On Tue, Aug 09, 2016 at 01:20:05AM +0200, Michael Haggerty wrote:

> > but I
> > do not think it is sane to expect that the same quality and quantity
> > of reviews as we do here can be maintained with that thing.
> Could you elaborate why you would expect quality and/or quantity of
> reviews to suffer? I'm really curious, and I'd be happy to pass your
> feedback along to my colleagues.

Having done a lot of review here on the mailing list, as well as in
GitHub PRs, I vastly prefer the mailing list.

Here's a random list of things that I think I would miss:

 - I really like the flow of having the commit message and diff dumped
   in my editor. I'm very efficient at slicing and dicing text, omitting
   uninteresting quoted bits, etc.

   Web text boxes feel like a straitjacket. I do have a browser plugin
   that opens them in vim. That helps, but it breaks the flow (I make a
   comment, save the file, click "comment", then read to the next place,
   click "+", then start a new vim instance for that comment).  Besides
   the tedium of clicking around, it loses the "unit" size of a single
   email, where I may make many comments, go back and revise earlier
   comments after reading more of the patch, etc.

 - I really like the flow of having conversations next to patches. I can
   look at the index of the mailing list folder and see what people are
   talking about, how big the threads are, etc, at a glance. Moving
   between messages and threads involve single keystrokes.

   Similarly, having local storage is _fast_. I think GitHub is fine for
   a web app. But when I'm reading a high-volume mailing list, I really
   want to flip around quickly. If there's even 500ms to get to the next
   message or thread, it feels clunky and slow to me. Obviously I spend
   more than 500ms _reading_ most messages (though for some I see the
   first paragraph and immediately jump away). It's just the latency
   when I've decided I'm done with one thing and want to move to the

 - For that matter, GitHub doesn't really have a good tool for random
   conversations. There are issues, which you can vaguely use like a
   thread, but it doesn't quite feel the same.

   I think part of it is that I can view the mailing list both as a
   series of threads _and_ as a stream of messages. So sometimes I mark
   a thread as "read", and then see the next day that there are a ton of
   new messages on it. Maybe those are uninteresting (and it's a single
   keystroke to mark the thread again), but maybe that's a hint that
   there's interesting discussion going on.

   The threading in GitHub comments and pull requests is also not great.
   Each PR or issue is its own thread, but it's totally flat inside.
   There are no sub-threads to organize discussion, and it's sometimes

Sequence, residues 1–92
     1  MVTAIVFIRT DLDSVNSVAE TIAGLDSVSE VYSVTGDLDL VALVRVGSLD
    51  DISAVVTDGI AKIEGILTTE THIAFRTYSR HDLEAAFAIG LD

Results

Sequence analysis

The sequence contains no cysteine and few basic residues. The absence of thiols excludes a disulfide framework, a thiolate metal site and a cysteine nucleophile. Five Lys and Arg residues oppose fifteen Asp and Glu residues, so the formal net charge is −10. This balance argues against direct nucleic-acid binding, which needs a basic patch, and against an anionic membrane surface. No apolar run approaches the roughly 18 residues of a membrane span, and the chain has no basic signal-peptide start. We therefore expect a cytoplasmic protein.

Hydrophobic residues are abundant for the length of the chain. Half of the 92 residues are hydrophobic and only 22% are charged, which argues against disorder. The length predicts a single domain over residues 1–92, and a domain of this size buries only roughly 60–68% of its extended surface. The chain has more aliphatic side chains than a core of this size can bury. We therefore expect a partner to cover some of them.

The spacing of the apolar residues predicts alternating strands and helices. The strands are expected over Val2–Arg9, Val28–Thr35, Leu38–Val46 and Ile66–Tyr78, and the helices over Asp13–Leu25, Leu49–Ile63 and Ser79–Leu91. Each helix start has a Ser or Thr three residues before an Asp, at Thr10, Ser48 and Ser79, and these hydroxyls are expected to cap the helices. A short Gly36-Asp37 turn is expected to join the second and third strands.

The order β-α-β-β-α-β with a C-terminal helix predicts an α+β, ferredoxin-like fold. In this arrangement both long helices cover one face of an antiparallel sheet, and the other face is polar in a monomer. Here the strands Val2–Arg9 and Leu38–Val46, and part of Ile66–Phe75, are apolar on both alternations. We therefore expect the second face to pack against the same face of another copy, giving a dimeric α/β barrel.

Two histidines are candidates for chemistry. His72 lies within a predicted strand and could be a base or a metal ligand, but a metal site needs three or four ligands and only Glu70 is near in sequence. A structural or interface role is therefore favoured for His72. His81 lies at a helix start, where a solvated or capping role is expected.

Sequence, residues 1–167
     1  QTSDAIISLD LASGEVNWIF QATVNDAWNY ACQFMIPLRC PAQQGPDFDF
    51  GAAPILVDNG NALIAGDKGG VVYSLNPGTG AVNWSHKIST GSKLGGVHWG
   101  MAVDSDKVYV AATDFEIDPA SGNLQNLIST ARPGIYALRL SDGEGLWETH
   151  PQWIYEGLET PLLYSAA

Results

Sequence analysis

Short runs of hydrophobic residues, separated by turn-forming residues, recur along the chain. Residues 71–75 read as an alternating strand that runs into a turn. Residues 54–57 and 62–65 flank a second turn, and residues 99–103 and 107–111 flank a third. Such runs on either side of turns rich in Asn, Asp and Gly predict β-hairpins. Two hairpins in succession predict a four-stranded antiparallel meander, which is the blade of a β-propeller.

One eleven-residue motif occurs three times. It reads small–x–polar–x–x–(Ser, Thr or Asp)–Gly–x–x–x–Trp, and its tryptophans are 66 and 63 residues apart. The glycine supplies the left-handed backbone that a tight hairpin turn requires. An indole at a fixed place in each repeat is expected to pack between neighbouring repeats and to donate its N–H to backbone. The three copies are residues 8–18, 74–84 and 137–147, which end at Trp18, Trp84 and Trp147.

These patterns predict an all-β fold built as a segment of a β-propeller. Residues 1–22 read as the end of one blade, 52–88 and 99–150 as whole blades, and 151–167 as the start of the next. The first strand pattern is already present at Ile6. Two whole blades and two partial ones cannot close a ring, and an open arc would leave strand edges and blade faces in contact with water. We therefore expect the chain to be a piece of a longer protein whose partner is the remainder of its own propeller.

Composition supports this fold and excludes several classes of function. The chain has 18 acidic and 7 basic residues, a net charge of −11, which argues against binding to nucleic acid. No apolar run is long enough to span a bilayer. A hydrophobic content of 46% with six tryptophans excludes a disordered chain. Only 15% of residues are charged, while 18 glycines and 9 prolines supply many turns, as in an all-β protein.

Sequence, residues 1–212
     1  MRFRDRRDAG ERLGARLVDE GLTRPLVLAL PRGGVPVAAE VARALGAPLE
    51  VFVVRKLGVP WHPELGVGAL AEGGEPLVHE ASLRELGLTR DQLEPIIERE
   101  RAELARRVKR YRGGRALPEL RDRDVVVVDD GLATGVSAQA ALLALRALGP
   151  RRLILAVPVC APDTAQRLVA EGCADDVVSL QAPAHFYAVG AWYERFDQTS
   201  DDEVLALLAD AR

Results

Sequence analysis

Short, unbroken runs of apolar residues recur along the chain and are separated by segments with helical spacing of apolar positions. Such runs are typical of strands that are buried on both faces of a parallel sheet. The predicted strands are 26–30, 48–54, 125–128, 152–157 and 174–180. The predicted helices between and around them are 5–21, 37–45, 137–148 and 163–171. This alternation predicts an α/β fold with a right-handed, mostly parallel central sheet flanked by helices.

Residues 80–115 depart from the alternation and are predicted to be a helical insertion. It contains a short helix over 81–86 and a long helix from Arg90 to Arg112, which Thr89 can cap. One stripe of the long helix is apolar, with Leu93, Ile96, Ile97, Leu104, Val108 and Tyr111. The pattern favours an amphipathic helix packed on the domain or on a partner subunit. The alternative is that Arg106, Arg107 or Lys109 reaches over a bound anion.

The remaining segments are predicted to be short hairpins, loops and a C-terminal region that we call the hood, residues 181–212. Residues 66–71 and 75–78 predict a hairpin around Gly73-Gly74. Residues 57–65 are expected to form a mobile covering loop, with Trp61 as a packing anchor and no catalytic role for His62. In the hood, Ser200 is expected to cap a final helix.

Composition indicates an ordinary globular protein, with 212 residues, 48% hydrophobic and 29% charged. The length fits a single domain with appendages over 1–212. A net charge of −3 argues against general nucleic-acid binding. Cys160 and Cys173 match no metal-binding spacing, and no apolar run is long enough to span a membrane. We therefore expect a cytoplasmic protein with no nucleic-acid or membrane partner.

hard to see what people are replying to.

 - When I move between a discussion and patches on the list and my local
   git checkout, it's important to do so with minimal fuss. Which means
   I want to use _context_ in my workflow. If I'm reading a thread, I
   want there to be a keystroke for "jump to this thread in my
   checkout". That's (relatively) easy for me to script via mutt (grab
   these patches, apply them). It's a bit harder in the browser (the
   best I've got is to copy-paste the URL to a script that pulls out the
   PR number, then fetches and checks it out).

 - A sort-of feature: the mailing list is actually fairly decentralized,
   because of the "reply-to-all" convention. I don't know if anybody
   else noticed, but vger seemed to be down Friday evening and Saturday
   morning (at least my messages to the list got 400 SMTP codes, and no
   new messages were delivered to me). But I still had some
   conversations going with people, because our messages were mailed
   directly (and the list eventually caught up).

   Now that probably doesn't matter for GitHub, which seems to have
   fairly reasonable uptime. It would matter if we picked a centralized
   tool that didn't.

There are probably more, but I've run out of ranting steam for now. :)

> Here are some factors that I think will *improve* reviews:

I was going to respond point-by-point to a few of these, but I think I
covered most of it above. In short, I agree with many of the benefits
you list. In most cases, I've already reaped those benefits for my own
workflow (e.g., my "git am" workflow is pretty efficient now). But not
everybody has done so, and it's a lot to ask of casual contributors.

> Given that I work for GitHub, I'm uncomfortable doing any more advocacy
> here. If people have concrete questions, I'd be happy to answer them, on
> the list or in private.

Hopefully I provided some counterpoint. ;)

To unsubscribe from this list: send the line "unsubscribe git" in
the body of a message to majord...@vger.kernel.org
More majordomo info at  http://vger.kernel.org/majordomo-info.html

Reply via email to